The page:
Tidal radii of main sequence stars — III. Partial disruptions. (arXiv:1909.04041v1 [astro-ph.SR])

Tidal radii of main sequence stars — III. Partial disruptions. (arXiv:1909.04041v1 [astro-ph.SR])
<a href="http://arxiv.org/find/astro-ph/1/au:+Ryu_T/0/1/0/all/0/1">Taeho Ryu</a>, <a href="http://arxiv.org/find/astro-ph/1/au:+Krolik_J/0/1/0/all/0/1">Julian Krolik</a>, <a href="http://arxiv.org/find/astro-ph/1/au:+Piran_T/0/1/0/all/0/1">Tsvi Piran</a>, <a href="http://arxiv.org/find/astro-ph/1/au:+Noble_S/0/1/0/all/0/1">Scott C. Noble</a>

In this paper, the third in this series, we continue our study of tidal
disruption events of main-sequence stars by a non-spinning
$10^{6}~rm{M}_odot$ supermassive black hole. Here we focus on the outcomes of
partial disruptions. As the encounter becomes weaker, the debris mass is
increasingly concentrated near the outer edges of the energy distribution. As a
result, the mass fallback rate can deviate substantially from a $t^{-5/3}$
power-law, becoming more like a single peak with a tail declining as $t^{-p}$
with $psimeq2-5$. Surviving remnants are spun-up in the prograde direction and
are hotter than MS stars of the same mass. Their specific orbital energy is
$simeq10^{-3}times$ that of the debris (but of either sign with respect to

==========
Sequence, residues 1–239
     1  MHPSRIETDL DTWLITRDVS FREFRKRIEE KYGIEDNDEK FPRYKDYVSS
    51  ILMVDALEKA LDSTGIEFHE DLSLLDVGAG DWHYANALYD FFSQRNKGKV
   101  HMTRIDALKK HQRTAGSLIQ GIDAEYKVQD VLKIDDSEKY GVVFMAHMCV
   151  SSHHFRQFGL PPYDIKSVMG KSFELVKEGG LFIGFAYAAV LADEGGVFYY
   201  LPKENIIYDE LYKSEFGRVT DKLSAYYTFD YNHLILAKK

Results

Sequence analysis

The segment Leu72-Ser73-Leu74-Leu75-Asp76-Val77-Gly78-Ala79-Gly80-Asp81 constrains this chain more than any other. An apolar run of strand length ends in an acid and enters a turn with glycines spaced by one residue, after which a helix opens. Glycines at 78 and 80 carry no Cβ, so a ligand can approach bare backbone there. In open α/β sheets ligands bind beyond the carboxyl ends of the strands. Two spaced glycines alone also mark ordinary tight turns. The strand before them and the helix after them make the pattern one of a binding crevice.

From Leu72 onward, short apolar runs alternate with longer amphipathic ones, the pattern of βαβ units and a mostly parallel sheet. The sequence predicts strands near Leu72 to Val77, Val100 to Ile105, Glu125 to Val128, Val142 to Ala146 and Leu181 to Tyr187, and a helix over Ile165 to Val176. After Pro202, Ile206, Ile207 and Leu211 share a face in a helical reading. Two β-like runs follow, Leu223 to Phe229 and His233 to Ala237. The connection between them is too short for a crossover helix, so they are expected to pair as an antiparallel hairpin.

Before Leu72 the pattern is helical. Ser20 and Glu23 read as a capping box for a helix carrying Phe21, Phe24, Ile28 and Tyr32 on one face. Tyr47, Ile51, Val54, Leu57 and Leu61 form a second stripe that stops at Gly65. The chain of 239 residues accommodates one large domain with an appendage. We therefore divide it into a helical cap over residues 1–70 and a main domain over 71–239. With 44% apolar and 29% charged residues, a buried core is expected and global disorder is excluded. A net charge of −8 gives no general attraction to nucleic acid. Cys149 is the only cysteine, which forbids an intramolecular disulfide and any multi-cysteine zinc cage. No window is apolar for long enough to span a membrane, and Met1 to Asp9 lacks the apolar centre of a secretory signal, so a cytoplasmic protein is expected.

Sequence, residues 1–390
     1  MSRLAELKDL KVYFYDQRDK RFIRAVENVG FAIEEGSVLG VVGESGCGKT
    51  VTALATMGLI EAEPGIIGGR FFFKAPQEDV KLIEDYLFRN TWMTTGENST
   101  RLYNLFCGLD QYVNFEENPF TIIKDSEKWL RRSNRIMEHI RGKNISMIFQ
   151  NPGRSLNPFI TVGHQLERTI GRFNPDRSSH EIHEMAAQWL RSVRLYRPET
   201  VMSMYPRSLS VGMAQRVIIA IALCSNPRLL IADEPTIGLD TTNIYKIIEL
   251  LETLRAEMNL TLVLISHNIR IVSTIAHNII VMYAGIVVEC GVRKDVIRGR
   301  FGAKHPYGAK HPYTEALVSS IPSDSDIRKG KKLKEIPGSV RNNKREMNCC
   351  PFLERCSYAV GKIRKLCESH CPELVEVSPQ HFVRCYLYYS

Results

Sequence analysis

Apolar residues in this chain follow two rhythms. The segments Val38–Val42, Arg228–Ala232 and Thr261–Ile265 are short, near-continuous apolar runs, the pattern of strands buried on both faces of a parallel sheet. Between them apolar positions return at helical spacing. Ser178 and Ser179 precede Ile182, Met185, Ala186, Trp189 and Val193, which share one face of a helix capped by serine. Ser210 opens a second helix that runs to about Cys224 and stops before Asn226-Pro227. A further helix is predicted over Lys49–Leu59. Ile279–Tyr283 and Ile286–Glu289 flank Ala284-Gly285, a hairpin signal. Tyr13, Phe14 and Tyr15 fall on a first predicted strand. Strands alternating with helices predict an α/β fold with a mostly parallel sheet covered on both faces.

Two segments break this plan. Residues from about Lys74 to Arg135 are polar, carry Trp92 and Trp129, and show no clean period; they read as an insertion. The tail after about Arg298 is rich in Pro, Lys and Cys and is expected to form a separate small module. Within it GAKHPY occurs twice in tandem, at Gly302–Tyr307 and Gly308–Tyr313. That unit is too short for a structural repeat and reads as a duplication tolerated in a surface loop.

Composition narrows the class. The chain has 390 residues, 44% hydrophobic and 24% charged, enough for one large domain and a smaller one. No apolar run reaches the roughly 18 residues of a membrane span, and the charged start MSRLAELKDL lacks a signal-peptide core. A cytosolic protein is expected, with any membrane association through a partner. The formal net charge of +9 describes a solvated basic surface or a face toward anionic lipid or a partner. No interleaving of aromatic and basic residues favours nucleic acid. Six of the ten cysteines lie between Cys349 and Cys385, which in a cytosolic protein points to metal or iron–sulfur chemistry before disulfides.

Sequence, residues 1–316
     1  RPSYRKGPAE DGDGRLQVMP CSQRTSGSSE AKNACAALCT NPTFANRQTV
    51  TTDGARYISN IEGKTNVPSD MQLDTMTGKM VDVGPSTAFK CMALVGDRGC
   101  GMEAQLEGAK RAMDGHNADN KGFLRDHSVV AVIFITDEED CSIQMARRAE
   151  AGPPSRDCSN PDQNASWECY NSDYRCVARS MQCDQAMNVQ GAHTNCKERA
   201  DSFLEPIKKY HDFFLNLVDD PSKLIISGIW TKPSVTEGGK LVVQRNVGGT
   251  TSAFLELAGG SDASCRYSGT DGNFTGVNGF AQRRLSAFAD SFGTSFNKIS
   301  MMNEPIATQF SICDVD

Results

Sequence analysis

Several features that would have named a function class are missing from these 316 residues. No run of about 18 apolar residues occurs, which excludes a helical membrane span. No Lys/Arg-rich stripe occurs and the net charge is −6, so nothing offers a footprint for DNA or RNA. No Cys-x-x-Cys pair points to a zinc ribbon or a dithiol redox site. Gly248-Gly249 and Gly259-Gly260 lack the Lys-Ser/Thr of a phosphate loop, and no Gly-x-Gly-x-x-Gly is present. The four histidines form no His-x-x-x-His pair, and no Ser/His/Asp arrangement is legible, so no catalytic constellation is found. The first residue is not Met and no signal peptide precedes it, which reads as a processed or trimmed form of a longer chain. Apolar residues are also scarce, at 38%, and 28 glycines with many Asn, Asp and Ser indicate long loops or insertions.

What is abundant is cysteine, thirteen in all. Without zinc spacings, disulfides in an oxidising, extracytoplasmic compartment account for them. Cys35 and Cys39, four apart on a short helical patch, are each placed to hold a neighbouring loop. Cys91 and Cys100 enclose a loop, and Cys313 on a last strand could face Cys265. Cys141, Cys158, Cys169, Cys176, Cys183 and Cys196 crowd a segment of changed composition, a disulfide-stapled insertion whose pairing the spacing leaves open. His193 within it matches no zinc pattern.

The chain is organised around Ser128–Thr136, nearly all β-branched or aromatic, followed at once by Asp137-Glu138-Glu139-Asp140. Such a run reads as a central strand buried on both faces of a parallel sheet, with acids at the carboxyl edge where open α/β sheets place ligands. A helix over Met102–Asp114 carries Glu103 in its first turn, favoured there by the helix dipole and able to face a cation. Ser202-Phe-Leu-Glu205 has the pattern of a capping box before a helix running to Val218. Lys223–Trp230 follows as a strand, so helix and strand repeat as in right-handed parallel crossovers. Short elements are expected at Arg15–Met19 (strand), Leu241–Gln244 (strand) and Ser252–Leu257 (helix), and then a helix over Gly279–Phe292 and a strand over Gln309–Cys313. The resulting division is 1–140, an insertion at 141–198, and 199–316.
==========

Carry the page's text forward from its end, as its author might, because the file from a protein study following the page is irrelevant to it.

the black hole potential) while their specific angular momentum is close to
that of the original star. Even for strong encounters, remnants have speeds at
infinity relative to the black hole potential $lesssim 300$ km s$^{-1}$, so
they are unable to travel far out into the galactic bulge. Remnants bound to
the black hole can possibly go through a second tidal disruption event.

In this paper, the third in this series, we continue our study of tidal
disruption events of main-sequence stars by a non-spinning
$10^{6}~rm{M}_odot$ supermassive black hole. Here we focus on the outcomes of
partial disruptions. As the encounter becomes weaker, the debris mass is
increasingly concentrated near the outer edges of the energy distribution. As a
result, the mass fallback rate can deviate substantially from a $t^{-5/3}$
power-law, becoming more like a single peak with a tail declining as $t^{-p}$
with $psimeq2-5$. Surviving remnants are spun-up in the prograde direction and
are hotter than MS stars of the same mass. Their specific orbital energy is
$simeq10^{-3}times$ that of the debris (but of either sign with respect to
the black hole potential) while their specific angular momentum is close to
that of the original star. Even for strong encounters, remnants have speeds at
infinity relative to the black hole potential $lesssim 300$ km s$^{-1}$, so
they are unable to travel far out into the galactic bulge. Remnants bound to
the black hole can possibly go through a second tidal disruption event.

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